Tender tickets were handed out at 8:30. Folks got on line for the tickets at least an hour and a half before that. Those on Holland America tours did not need tickets but were to meet in the main theater at designated times. We arrived off Easter Island an hour before sunrise. Suzi and I, along with Diane, the piano bar entertainer (who’s from Ketchikan) watched a beautiful sunrise playing against the thunderheads, we had just had a storm. Both anchorages were occupied by freighters. We couldn’t drop anchor because the sea floor is coral, so the captain had to hold the ship in position using its AziPods aft (The props are on pods that can swing 360 degrees) and the bow thruster, (He called it “joy- sticking”) but he decided to give it a go. If this had been another port, one that was not on so many passenger’s “bucket lists” I think he may have given Easter Island a pass.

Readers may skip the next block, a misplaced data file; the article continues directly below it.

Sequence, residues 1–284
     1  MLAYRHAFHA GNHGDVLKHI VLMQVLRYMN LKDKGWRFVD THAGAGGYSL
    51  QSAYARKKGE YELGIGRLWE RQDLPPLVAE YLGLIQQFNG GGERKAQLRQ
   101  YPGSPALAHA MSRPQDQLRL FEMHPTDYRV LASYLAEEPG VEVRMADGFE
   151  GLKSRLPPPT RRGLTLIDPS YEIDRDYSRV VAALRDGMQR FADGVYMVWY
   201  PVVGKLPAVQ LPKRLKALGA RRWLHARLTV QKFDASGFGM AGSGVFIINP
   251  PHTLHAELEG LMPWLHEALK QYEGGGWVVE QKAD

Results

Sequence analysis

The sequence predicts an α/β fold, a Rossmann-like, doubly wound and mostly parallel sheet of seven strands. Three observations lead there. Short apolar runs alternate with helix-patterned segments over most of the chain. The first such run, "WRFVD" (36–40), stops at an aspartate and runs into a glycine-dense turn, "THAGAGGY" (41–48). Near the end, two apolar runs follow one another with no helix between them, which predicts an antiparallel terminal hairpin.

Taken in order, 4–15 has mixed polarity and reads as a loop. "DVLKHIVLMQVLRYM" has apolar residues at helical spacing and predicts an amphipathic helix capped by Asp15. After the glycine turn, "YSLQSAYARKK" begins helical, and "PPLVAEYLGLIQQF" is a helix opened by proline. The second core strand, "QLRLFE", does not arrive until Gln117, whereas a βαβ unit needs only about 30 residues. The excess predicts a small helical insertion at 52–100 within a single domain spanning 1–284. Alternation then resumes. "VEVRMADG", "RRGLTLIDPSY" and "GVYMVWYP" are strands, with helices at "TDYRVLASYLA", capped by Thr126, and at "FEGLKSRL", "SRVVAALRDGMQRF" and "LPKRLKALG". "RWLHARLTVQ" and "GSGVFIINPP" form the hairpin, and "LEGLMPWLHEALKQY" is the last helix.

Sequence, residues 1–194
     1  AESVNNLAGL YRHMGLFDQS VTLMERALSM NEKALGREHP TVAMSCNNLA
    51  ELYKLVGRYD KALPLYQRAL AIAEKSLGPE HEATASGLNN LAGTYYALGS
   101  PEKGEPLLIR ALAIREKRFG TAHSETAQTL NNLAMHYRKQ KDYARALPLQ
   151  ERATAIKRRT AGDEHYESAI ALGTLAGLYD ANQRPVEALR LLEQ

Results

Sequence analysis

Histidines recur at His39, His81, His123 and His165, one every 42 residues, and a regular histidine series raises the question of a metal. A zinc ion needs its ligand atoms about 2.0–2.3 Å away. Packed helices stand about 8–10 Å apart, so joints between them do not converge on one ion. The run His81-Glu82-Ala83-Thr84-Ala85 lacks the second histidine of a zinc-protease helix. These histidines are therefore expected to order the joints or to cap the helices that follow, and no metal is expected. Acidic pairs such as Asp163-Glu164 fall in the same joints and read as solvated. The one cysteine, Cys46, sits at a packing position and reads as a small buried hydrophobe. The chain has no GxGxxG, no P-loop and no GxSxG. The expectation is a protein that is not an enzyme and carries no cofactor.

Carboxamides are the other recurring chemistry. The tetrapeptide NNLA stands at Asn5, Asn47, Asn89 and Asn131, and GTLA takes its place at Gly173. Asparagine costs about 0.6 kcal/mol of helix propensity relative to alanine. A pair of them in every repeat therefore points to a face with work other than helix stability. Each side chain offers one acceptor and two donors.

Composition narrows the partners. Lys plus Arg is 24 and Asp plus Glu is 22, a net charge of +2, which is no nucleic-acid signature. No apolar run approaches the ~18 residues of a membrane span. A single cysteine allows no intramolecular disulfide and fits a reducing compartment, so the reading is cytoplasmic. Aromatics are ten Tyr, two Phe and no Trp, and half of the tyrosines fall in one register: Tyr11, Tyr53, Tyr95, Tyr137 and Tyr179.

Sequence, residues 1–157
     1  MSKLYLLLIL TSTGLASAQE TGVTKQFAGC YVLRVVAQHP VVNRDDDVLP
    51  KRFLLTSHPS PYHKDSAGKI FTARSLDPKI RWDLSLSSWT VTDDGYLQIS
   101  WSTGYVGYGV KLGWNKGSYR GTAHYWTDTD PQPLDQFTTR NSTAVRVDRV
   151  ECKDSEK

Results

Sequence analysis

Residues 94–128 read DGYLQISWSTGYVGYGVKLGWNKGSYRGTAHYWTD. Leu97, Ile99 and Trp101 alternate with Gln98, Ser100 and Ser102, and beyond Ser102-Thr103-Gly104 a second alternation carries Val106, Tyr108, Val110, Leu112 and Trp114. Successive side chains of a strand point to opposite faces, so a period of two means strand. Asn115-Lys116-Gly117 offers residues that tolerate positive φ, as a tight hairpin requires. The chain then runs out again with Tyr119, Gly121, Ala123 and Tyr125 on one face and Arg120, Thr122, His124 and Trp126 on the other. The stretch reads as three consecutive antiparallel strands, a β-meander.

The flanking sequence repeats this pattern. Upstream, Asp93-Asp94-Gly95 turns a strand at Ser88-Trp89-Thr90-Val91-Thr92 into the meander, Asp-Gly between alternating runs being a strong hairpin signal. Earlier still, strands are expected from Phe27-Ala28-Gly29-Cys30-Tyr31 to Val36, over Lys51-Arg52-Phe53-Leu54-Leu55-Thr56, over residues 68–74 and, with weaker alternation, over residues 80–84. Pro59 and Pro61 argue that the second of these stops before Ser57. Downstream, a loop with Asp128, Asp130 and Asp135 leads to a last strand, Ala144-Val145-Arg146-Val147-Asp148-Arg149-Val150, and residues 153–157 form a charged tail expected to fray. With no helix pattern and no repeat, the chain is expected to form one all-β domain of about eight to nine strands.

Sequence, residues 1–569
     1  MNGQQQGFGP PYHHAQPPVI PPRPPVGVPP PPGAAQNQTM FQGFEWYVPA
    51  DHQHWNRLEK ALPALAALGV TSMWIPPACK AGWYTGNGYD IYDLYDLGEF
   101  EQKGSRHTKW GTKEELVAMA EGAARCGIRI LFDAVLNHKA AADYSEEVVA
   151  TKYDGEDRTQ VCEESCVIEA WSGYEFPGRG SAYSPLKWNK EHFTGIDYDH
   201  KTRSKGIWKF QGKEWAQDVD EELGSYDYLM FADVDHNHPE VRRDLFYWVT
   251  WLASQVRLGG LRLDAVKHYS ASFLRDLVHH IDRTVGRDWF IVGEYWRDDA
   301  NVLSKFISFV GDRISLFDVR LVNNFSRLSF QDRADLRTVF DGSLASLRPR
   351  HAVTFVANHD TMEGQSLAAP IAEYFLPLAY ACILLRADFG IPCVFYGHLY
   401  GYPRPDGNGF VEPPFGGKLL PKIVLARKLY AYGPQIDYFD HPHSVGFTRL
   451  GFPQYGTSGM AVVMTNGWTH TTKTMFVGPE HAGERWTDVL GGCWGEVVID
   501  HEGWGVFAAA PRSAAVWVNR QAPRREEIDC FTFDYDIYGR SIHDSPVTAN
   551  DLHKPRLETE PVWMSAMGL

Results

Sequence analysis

We were on tour #8 scheduled to leave at 8:45. We weren’t called to the tender until 9:45. After walking down the stairs each of us waited at the platform, held back by two crew members, until the swell brought the tender up to the platform. On the command “now” the we stepped off the platform onto the arms of two “catchers” on the tender who pulled us aboard as the boat dropped with the swell. They waited for the boat to rise again before catching the next passenger. Walking to the seat was rough as the boat slammed against the side of the ship creating a tremendous jolt. The tendering process that normally takes 20 minutes took 45 but we all got ashore safely. People not on HAL tours got off later. Peter got on the ticket line at 7 AM and got on a tender at noon. Another couple that had arranged a private land tour got on line even earlier and met their guide on shore at 11:30. They were scheduled for an all-day tour starting at 8:30 so their all-day tour was shortened. The return to the ship was just as dramatic. We were bobbing in a tender off the ship for several minutes while the crew worked to retrieve a hat that blew off someone’s head as they made the jump to the ship — from the tender before us. The ship is not allowed to dump anything, including, I assume, hats, into the seas off of Rapa Nui. Listening to the radio traffic from the hat recovery operation was hilarious. “I think he has it with the pole, no it got away, Tender number 9, do you see it?” Hat recovered we got on the ship. Suzi had a rough landing. The swell that raised the tender to the platform when she got off was particularly big so when they said “now” Suzi stepped off into thin air, to be caught by the two catchers and into the arms of Henk, the hotel director. I was off first and heard the gasp of those following Suzi so turned and see my wife held, mid-air by crew members. She was fine.